Course on the Euromaidan

University of Alberta launches a special course on the Euromaidan

Photo: Panorama of the "March of Millions" in Kyiv. Illustration for announced course on the Euromaidan at the University of Alberta.
Aerial panorama of Kyiv’s “March of Millions.” Source:

In the Fall of 2014,  the Department of Modern Languages and Cultural Studies of the University of Alberta will be launching a special course, devoted to recent events in Ukraine.

Titled “SLAV 299 A2 – Europe and the Ukrainian (Euromaidan) Revolution,”  this course can be found on BearTracks under Fall semester listings.

It will be taught on T & Th 2:00 – 3:20 pm by Professors
Oleh Ilnytzkyj and Natalia Pylypiuk, with guest speakers.

Photo: Euromaidan protesters. Illustration for announced course on the Euromaidan at University of Alberta
Euromaidan protesters. Source:

This course may be used for credits toward two streams of the Certificate in European Studies (i.e., “Histories and Politics” and “Cultures and Societies”).  Its purpose is to introduce non-specialists to Europe, Ukraine and Russia. The course does not assume or require any previous knowledge of Slavic languages or history. All reading and lectures will be in English. No prerequisites.The registration deadline for the course, as for all courses in the department, including those under the rubrics UKR and SLAV is August 15.  Please register as soon as possible.

Rationale for the course

Ukraine is at the heart of Europe. As the first major geopolitical shift in the 21st century, Ukraine’s ongoing revolution (2013-2014) may determine the fate of Europe. This course examines the events and values of the revolution against the background of Europe and Russia.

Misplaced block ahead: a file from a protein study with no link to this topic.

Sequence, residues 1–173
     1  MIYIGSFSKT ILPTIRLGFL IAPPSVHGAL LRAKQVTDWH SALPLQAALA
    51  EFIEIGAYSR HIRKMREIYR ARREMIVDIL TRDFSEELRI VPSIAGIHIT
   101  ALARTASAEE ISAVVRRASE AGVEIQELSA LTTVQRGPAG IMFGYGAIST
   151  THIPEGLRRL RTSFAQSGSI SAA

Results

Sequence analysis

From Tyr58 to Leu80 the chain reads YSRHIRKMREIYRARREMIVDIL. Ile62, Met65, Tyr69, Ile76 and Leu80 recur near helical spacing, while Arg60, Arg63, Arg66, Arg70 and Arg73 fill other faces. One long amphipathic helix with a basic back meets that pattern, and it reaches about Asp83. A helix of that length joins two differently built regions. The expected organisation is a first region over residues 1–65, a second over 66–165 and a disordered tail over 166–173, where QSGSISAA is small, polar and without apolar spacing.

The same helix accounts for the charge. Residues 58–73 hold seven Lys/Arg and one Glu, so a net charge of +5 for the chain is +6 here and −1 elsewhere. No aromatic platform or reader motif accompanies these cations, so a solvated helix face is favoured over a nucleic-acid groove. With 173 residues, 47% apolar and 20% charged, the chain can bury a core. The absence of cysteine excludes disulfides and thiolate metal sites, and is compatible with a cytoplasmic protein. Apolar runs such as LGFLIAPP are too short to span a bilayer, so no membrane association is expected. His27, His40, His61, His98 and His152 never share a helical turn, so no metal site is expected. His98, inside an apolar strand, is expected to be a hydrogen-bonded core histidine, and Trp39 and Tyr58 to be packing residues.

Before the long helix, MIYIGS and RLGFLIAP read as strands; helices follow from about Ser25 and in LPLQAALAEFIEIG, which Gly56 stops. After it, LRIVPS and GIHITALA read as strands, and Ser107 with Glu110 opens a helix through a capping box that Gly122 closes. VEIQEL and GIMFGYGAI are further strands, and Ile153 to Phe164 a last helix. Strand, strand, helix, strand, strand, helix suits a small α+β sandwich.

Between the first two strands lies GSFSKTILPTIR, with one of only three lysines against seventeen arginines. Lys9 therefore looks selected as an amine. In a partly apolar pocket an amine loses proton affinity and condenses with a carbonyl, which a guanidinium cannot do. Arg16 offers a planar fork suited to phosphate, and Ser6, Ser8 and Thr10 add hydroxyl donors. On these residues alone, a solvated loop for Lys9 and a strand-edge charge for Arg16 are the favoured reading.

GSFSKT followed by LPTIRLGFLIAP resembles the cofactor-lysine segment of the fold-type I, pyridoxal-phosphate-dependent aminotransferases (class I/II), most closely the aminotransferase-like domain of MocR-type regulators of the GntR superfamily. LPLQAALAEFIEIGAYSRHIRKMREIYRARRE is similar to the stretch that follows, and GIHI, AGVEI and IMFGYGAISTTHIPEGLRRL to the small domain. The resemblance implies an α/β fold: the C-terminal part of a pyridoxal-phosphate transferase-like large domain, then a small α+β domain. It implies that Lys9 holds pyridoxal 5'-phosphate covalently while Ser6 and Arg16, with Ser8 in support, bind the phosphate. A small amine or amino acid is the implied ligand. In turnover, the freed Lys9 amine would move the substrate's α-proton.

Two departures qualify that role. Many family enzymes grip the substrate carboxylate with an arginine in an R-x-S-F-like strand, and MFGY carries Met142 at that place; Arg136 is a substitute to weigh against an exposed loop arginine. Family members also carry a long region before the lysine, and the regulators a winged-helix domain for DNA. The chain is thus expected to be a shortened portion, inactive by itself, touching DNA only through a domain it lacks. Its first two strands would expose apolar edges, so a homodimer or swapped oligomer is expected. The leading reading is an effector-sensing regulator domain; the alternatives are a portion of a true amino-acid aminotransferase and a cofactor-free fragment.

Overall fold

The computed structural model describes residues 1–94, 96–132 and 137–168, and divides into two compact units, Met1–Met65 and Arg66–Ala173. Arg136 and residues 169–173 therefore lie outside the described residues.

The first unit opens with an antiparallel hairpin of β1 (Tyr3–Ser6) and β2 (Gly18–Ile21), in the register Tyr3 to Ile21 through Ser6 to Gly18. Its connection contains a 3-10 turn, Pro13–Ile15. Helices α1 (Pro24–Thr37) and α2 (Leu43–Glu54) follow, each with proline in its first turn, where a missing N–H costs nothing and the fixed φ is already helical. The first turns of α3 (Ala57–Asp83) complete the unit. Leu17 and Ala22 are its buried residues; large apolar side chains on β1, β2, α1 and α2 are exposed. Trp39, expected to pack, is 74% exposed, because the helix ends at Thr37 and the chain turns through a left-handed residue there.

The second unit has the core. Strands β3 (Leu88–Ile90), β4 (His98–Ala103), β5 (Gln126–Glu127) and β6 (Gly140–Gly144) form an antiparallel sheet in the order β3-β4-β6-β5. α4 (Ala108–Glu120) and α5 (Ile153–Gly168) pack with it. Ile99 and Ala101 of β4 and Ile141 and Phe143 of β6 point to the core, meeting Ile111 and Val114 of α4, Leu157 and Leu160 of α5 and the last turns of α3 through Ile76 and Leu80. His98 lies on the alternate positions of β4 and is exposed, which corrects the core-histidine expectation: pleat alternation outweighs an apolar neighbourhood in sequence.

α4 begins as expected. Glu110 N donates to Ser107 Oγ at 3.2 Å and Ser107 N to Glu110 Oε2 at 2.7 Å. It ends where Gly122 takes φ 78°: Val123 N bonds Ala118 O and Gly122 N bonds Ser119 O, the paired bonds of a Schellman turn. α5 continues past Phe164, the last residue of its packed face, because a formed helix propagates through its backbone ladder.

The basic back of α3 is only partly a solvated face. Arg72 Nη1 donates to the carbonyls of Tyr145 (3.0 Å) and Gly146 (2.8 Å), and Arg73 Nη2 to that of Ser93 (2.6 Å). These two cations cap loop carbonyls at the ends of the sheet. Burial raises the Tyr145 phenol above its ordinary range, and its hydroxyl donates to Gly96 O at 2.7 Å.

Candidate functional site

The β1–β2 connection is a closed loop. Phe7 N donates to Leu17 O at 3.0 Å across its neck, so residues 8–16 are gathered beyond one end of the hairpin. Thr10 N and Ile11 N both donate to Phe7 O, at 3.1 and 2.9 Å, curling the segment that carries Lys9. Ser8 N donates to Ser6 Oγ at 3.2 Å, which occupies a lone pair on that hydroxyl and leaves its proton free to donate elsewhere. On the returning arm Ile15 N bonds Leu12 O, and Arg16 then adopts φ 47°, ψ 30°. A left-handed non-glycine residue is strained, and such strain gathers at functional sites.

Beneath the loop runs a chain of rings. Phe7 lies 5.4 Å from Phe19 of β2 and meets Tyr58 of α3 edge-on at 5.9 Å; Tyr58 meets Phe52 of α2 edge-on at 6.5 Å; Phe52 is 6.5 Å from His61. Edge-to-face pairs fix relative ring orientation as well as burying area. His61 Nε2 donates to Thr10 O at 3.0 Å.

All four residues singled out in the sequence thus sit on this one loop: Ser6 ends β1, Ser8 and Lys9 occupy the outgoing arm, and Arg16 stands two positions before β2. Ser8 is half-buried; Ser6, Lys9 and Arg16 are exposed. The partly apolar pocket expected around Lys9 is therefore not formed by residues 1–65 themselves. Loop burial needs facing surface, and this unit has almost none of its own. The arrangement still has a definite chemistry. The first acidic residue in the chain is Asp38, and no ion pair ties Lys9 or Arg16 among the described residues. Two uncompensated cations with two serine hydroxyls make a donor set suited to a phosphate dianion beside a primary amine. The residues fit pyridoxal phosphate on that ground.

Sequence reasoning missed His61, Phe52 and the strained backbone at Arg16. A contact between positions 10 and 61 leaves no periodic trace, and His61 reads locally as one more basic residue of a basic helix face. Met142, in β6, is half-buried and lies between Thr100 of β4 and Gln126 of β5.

Photo: Child at Euromaidan. Illustration for announced course on the Euromaidan at the University of Alberta
Child at Euromaidan. Source:

Course Topics

This course will retrace the recent event of the Euromaidan (i.e., European Square), focusing on social, cultural, economic, anthropological and political issues. It will explore the fate of individuals and of a nation through the visual, cinematic, musical and journalistic record created by reporters as well as ordinary individuals through the Internet, Social Media and YouTube. We look at the discourses emanating from Ukraine, Europe and Russia, examining the civic values they represent. The issue of violence and nonviolent civic disobedience is explored. We highlight the role of women, the Church, educational institutions and cultural minorities (Muslims and Jews) in the creation of a pluralist society.

Photo: Wedding of protesters Lisa Shaposhnyk and Vitaly Popov. Illustration for announced course on the Euromaidan at the University of Alberta.
Wedding of protesters Lisa Shaposhnyk and Vitaly Popov. Source:

Background information

Ukraine’s crisis began in Nov. 2013 when its corrupt president, V. Yanukovych, broke a promise to sign a political and economic accord with the European Union! This led to massive peaceful demonstrations, against which he unleashed violence and terror. Having embezzled state funds, Yanukovych fled the country, taking refuge in Russia, an opponent of Ukraine’s European orientation. A confrontation ensued. On one side, Ukraine and the West, and, on the other, Putin’s Russia, which annexed Crimea. Despite these problems, Ukrainians elected a pro-European president on May 25, 2014.
Download the course brochure as a PDF:



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